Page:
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I trying make read file parameters. When I make this code:

  var fs = require('fs'),
    size = new Object();
fs.stat(file, function(err,stats){
         if(!err){
            size=stats;
         }
      })
   console.log(size);

It`s ok, when i trying use function:

 var fs = require('fs'),
    size = new Object();
function writeinfile(file){
   fs.stat(file, function(err,stats){
         if(!err){
            size=stats;
         }
      })
   console.log(size.size);  
}
writeinfile('error.log');

It`s not work. Could you help me that variant 2 work?

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4 Answers 4

Your console.log is outside your fs.stat callback. Fixed it:

 var fs = require('fs'),
    size = new Object();
function writeinfile(file){
   fs.stat(file, function(err,stats){
         if(!err){
            size=stats;
            console.log(size.size);  
         }
      })

}
writeinfile('error.log');

I've also rewritten your code to use more idiomatic (more common) syntax in Node.js:

var fs = require('fs');

function writeinfile (file, cb) {
  fs.stat(file, function(err,stats){
    if(err) return cb(err);
    cb(null, stats.size); 
  })
}

writeinfile('error.log', function(err, size) {
  if(err) {
    console.log(err);
    return;
  }
  console.log('The size of the file is ' + size);
});

As Herman mentioned in his answer, it would be a good idea to choose a better function name if you are not writing to a file.

Last thing, in Javascript, you can use {} as a shortcut for new Object(). For example: var size = {};

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In your example, it is not correct to expect the value of size to be set when console.log(size) runs because of the asynchronous nature of fs.stat().

Here's what actually occurs, in order:

  1. you require the fs module and instantiate a new size object.
  2. you call fs.stat(path,cb) with a callback
  3. you call console.log(size)
  4. then, at some point in the future, fs.stat() calls your callback

Things happen in this order because the amount of time it takes to make the required file system call cannot be predicted beforehand due to the asynchronous nature of file io. Depending on what the disc is currently doing, it could take anywhere from 4 to 4000ms, or more.

This is why we rely on callbacks because they are guaranteed to occur when the function they have been applied to is complete, or in this case, when the status of the filepath has been determined.

And please don't feel bad. This is the one mistake everyone makes when programming asynchronously and it is the hardest concept to wrap one's head around when programming node.

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+1 In the beginning callbacks were sooo frustrating! –  Herman Oct 29 '12 at 20:43

There are several observations to your code. But we are here to learn:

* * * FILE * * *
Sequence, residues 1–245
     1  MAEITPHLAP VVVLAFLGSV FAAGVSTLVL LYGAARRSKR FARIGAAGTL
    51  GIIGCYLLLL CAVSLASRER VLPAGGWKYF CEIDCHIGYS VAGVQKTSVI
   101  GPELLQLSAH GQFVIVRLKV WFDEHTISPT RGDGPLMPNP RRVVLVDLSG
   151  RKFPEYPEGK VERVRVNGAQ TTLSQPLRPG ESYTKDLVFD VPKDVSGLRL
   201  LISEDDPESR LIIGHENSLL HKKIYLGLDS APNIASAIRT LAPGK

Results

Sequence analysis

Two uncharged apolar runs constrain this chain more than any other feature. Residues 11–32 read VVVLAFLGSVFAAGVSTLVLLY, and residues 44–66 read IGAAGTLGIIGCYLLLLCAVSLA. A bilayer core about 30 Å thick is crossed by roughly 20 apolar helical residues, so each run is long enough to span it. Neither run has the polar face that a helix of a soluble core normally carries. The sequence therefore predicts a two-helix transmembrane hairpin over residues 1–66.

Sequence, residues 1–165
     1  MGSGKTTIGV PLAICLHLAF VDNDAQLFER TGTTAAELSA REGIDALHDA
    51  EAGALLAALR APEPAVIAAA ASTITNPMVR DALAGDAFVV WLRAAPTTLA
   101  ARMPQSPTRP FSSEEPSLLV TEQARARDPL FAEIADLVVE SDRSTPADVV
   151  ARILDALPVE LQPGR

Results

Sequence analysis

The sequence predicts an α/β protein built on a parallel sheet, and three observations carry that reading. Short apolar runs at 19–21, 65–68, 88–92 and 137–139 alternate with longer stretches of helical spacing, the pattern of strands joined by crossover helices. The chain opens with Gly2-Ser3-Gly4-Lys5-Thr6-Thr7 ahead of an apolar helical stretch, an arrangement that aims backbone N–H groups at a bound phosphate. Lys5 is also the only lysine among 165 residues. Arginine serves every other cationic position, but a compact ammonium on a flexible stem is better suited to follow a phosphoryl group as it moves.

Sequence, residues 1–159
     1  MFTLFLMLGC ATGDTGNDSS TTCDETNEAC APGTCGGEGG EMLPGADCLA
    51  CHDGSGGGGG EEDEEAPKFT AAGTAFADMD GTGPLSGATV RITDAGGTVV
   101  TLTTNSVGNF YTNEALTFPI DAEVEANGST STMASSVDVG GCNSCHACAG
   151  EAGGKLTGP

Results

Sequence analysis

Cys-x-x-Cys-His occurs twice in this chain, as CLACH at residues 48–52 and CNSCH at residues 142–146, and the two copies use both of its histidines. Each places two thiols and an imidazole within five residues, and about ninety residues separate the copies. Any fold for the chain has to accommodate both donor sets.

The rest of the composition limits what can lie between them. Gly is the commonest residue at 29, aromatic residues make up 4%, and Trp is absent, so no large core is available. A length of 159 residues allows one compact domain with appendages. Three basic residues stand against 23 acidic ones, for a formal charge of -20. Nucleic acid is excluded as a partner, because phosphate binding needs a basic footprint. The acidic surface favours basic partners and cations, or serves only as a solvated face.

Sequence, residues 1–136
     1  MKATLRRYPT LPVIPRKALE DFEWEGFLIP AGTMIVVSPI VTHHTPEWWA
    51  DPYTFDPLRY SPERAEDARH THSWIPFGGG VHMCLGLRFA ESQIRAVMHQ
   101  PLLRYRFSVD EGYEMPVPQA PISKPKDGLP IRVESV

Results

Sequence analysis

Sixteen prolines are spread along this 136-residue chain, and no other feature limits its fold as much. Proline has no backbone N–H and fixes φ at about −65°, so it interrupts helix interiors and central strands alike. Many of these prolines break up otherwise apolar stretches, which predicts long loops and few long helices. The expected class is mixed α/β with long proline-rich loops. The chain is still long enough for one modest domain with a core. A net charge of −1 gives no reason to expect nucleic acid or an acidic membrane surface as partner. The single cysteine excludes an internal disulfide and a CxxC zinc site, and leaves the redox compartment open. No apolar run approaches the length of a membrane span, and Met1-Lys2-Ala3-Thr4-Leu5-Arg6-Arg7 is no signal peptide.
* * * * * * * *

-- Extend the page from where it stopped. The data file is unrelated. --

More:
1. Make sure to put the console.log inside the callback (i.e. just below size=stats), that way you can get the information you need, after the function does its task.

  2. Add this line above if (!err):

    if (err) console.log(err);

You will see the following

{ [Error: ENOENT, stat 'error.log'] errno: 34, code: 'ENOENT', path: 'error.log' }

That means an error on path. Easy fix: Use fs.exists() to check if the file exists, and / or, always make sure to prefix your filename with __dirname.

  1. The last line talks about writeinfile, but fs.stats gives you information on the file... I suggest that a better function would be fs.write() for this task.
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I want write info in file, rename file when it reach the desired size (with fs.rename) and write info in new file with fs.write. I plan get size of file in variable "size" use fs.stat and use if ( size <=238084) (fs.rename(...)) else fs.write(....). –  IIEIIEJI Oct 29 '12 at 20:36

You need to put the console.log(size.size); inside the callback function, but i think i need explain better.

You need to learn about asynchronous calls and the Node.js Event Loop. Node.js was created to paralelize resources in a better way that creating threads for problems that are more IO Intensive (like web servers) than CPU Intensive. The idea is that a single thread for the logic with non-blocking calls to use IO is better than create multiple threads and call blocks function to use IO.

If you program in another language, you should be familiar with the sinchronous version of your algorithm:

var fs = require('fs'),
size = new Object();
function writeinfile(file) {
    var stats = fs.statSync(path);
    size = stats.size;
    console.log(size);
};

writeinfile('error.log');

This is Node.js code, but this isn't the Node way. When you call statSync(), your script block to wait for read the stats from the disk.

BUT, when you use just fs.stat(), your program will run until the end of code, WHILE the disk is reading. All the next lines will be run before the program achieve the Event Loop. Just when the stat be ready and the program run until the end, the event loop will call the callback function that you pass by argument in fs.stat(callback) call.

So, in your code, you call a stat (assynchronous version), and try use a value that isn't ready yet, because the code after the assynchronous calls always will be run before callback be called.

The first version I think work just because you should be typping the code manually in the interpreter, so, the time you need to type the next line is enought to the program achieve the event loop. In this mode, each time that you type a command, press enter and that code is run, that is, you get a return, the events in event loop will be called after.

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